Corals are major contributors to a range of key ecosystem functions on tropical reefs, including calcification, photosynthesis, nutrient cycling, and the provision of habitat structure. The abundance of corals is declining at multiple scales, and the species composition of assemblages is responding to escalating human pressures, including anthropogenic global warming. An urgent challenge is to understand the functional consequences of these shifts in abundance and composition in different biogeographical contexts...
March 5, 2018: Proceedings of the National Academy of Sciences of the United States of America
Holly Bennett, James J Bell, Simon K Davy, Nicole S Webster, David S Francis
Ocean warming (OW) and ocean acidification (OA) are threatening coral reef ecosystems, with a bleak future forecast for reef-building corals, which are already experiencing global declines in abundance. In contrast, many coral reef sponge species are able to tolerate climate change conditions projected for 2100. To increase our understanding of the mechanisms underpinning this tolerance, we explored the lipid and fatty acid (FA) composition of four sponge species with differing sensitivities to climate change, experimentally exposed to OW and OA levels predicted for 2100, under two CO2 Representative Concentration Pathways (RCPs)...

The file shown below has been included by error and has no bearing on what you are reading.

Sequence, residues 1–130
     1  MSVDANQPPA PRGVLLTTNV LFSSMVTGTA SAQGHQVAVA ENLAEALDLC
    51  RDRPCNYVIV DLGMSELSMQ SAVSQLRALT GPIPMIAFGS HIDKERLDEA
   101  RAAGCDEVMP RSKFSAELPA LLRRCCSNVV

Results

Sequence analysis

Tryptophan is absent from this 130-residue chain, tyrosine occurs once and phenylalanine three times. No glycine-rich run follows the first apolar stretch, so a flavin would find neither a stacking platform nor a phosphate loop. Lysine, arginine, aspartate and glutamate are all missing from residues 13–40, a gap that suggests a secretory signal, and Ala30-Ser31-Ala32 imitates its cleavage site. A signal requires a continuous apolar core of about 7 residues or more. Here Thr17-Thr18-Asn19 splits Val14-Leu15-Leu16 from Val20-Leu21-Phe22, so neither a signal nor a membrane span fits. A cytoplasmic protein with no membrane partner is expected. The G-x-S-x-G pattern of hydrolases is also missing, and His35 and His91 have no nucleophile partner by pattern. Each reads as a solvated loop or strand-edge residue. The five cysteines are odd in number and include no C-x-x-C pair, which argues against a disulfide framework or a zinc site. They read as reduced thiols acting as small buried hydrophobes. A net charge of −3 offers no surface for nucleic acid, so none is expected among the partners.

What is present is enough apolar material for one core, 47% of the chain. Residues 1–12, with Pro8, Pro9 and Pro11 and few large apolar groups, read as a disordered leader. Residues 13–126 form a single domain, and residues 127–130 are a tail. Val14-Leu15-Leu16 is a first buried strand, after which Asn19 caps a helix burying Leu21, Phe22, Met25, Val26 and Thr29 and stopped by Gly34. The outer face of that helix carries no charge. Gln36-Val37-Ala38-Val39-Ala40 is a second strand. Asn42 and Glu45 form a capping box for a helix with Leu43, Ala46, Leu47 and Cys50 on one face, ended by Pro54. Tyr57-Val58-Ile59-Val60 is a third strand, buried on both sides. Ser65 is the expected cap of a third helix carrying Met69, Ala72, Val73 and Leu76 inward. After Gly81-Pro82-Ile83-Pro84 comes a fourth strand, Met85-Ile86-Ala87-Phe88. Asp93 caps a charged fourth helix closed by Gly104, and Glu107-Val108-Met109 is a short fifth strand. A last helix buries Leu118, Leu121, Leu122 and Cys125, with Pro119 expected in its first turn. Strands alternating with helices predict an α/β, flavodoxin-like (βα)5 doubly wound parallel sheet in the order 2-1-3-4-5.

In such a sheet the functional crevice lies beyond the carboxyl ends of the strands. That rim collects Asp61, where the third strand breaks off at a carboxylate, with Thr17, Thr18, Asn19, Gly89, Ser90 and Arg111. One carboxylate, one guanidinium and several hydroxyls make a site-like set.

March 5, 2018: Global Change Biology
B Riegl, M Johnston, S Purkis, E Howells, J Burt, S C C Steiner, C R C Sheppard, A Bauman
As in the tropical Atlantic, Acropora populations in the southern Persian/Arabian Gulf plummeted within two decades after having been ecosystem engineers on most wave-exposed reefs since the Pleistocene. Since 1996/8 live coral cover in the Gulf declined by over 90% in many areas, primarily due to bleaching and diseases caused by rising temperatures. In the formerly dominant table-coral species A. downingi, population dynamics corresponding to disturbance regimes was quantified in three transition matrices (lower disturbance pre-1996; moderate disturbance from 1998-2010 and 2013-17, disturbed in 1996/8, 2010/11/12, 2017)...
March 5, 2018: Global Change Biology